A video of Sen. J.D. Vance (R-Ohio) placing a stick in a creek in East Palestine, Ohio, causing what appears to be synthetic chemicals to rise to the surface drew widespread attention.
Earlier this month, a train that was carrying hazardous chemicals, including vinyl chloride, derailed in East Palestine. Officials confirmed later that a controlled release and burn of the chemicals was initiated so as to prevent a potential explosion.
“Visited a local creek in East Palestine today. These waterways are still very polluted. It’s time for Norfolk Southern to finish the cleanup,” Vance wrote on Twitter.
Visited a local creek in East Palestine today. These waterways are still very polluted. It’s time for Norfolk Southern to finish the cleanup. Check this video out: pic.twitter.com/4lsHBmrMJj
— J.D. Vance (@JDVance1) February 16, 2023
The post included a video of the Republican senator placing a stick in what his office said is the Leslie Run creek, located near the derailment site, and swirling it around. After removing the stick from the creek, a rainbow-colored sheen emerged.
“This is disgusting,” Vance said. “The fact that these chemicals are still seeping in the ground is an insult to the people who live in East Palestine,” he said, adding that “do not forget” those people.
Vance asserted that when you “scrape the creek bed,” there appears to be “chemicals coming out of the ground.” In the footage, the newly elected lawmaker said that there are “dead worms” and “dead fish” in the waters of Leslie Run.
Fox 19 reporter Tricia Macke also posted a video in which she tossed a rock into a creek, causing apparent chemicals to rise to the surface. “Would you stay here? Would you drink that water?” she asked. “Would you bathe your kids when it’s bubbling up and looking like an oil slick?”
And a local Ohio woman was seen tossing a rock into another purported waterway in East Palestine, showing a rainbow-like sheen emerging on the surface of the water.
Federal and state officials have said that municipal water in East Palestine is potable. Environmental Protection Agency (EPA) Administrator Michael Regan, who walked along a creek that still reeks of chemicals on Thursday, sought to reassure skeptical residents that the water is fit for drinking and the air safe to breathe around East Palestine, where just under 5,000 people live near the Pennsylvania state line.
“I’m asking they trust the government. I know that’s hard. We know there’s a lack of trust,” Regan said. “We’re testing for everything that was on that train.”
According to a statement issued by Gov. Mike DeWine’s office, tests conducted by the Ohio EPA revealed “no detection of contaminants in raw water from the five wells that feed into East Palestine’s municipal water system,” adding the agency is “confident that the municipal water is safe to drink.” It did not make reference to Leslie Run.
“East Palestine’s municipal water system, which provides drinking water for most area residents, takes in water from five wells that are located approximately one mile from the derailment site,” the statement said. “The municipal wells are at least 56 feet below the surface and are covered by a solid steel casing that protects the water from contamination. Before drinking water is made available to the public, water from these five wells is combined at the water treatment plant and treated.”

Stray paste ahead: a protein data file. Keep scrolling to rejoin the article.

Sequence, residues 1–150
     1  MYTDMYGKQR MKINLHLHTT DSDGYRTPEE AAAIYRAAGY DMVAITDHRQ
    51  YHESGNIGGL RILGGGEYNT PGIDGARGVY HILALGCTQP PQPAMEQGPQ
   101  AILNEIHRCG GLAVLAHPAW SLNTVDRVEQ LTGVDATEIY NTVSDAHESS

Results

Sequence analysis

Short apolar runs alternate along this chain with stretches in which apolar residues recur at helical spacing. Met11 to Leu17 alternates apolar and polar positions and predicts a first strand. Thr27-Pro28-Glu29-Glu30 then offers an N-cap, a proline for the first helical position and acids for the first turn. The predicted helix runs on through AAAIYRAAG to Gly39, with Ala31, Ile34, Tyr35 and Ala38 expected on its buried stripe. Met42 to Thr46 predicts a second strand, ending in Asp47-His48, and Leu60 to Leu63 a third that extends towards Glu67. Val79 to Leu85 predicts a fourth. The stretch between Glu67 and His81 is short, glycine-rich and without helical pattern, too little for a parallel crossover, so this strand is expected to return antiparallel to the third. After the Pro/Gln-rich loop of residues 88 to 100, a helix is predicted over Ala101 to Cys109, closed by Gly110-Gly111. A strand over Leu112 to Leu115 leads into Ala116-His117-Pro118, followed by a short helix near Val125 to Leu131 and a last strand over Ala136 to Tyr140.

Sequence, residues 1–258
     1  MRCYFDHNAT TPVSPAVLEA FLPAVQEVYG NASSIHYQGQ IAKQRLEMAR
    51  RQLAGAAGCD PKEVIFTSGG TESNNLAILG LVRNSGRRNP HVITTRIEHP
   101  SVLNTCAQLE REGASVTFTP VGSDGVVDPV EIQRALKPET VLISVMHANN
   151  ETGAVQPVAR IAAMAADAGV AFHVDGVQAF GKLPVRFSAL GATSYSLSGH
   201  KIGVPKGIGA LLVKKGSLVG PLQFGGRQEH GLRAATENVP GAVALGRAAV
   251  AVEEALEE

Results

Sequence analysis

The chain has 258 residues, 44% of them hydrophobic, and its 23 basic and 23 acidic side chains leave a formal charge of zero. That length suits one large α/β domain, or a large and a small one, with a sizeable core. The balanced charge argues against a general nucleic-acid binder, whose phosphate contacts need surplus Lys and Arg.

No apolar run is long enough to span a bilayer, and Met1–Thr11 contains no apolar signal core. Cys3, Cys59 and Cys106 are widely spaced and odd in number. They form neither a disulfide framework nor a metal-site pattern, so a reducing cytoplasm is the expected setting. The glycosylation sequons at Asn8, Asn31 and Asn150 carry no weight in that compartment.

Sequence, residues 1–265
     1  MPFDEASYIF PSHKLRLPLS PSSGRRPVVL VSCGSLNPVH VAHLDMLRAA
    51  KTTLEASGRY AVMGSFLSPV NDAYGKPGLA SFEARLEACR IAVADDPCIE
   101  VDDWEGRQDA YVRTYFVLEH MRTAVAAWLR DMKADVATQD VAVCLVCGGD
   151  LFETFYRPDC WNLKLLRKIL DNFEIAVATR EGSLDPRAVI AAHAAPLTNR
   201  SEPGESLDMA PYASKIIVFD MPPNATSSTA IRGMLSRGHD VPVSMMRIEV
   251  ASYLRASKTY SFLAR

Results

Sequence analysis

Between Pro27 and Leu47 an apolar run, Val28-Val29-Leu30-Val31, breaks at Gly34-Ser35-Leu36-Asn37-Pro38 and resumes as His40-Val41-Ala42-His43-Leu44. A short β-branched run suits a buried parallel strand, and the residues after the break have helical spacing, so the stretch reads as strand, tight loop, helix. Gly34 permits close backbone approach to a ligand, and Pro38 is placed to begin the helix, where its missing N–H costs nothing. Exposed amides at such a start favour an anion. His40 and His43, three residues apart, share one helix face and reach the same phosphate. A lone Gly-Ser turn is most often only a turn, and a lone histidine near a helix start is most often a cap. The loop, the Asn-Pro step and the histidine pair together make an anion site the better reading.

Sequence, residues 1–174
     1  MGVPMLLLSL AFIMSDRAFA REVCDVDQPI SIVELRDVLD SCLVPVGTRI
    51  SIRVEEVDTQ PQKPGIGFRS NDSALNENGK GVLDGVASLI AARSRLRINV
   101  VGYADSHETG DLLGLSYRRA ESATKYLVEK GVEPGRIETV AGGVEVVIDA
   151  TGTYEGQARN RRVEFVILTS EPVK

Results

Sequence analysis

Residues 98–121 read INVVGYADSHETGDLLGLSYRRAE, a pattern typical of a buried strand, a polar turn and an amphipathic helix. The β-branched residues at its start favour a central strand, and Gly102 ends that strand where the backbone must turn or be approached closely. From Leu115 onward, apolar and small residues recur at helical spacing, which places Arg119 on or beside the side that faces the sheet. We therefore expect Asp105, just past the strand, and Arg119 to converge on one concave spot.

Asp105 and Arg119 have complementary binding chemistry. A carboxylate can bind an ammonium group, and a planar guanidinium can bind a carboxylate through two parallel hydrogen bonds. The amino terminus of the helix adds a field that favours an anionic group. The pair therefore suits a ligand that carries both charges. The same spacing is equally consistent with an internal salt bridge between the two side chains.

In a news conference on Friday morning, DeWine told reporters that “there was very little chance there was contaminants in those wells” that are used for drinking water. “If you get tap water in East Palestine … you are free to drink the water,” DeWine said, saying that testing results that were returned show the water is fine to drink.
DeWine then stressed “no one is trying to downplay” the train derailment and chemical spill.
Residents have expressed frustration with what they say is incomplete and vague information about the lasting effects of the disaster, which prompted evacuations. But Regan said Thursday that anyone who is fearful of being in their home should seek testing from the government.
“People have been unnerved. They’ve been asked to leave their homes,” the EPA administrator said, adding that if he lived there, he would be willing to move his family back into the area as long as the testing shows it’s safe.
But Vance called on Regan and other officials to drink the tap water in East Palestine. “I think that if the EPA administrator wants to stand here and tell people that the tap water is safe,” Vance told reporters in East Palestine on Thursday. “By all means, they should be willing to drink it.”
Norfolk Southern, the train operator, said that it won’t “walk away” from residents of East Palestine, according to a letter (pdf) released this week. “We are here and will stay here for as long as it takes to ensure your safety and to help East Palestine recover and thrive,” CEO Alan Shaw stated.
The Associated Press contributed to this report.
From The Epoch Times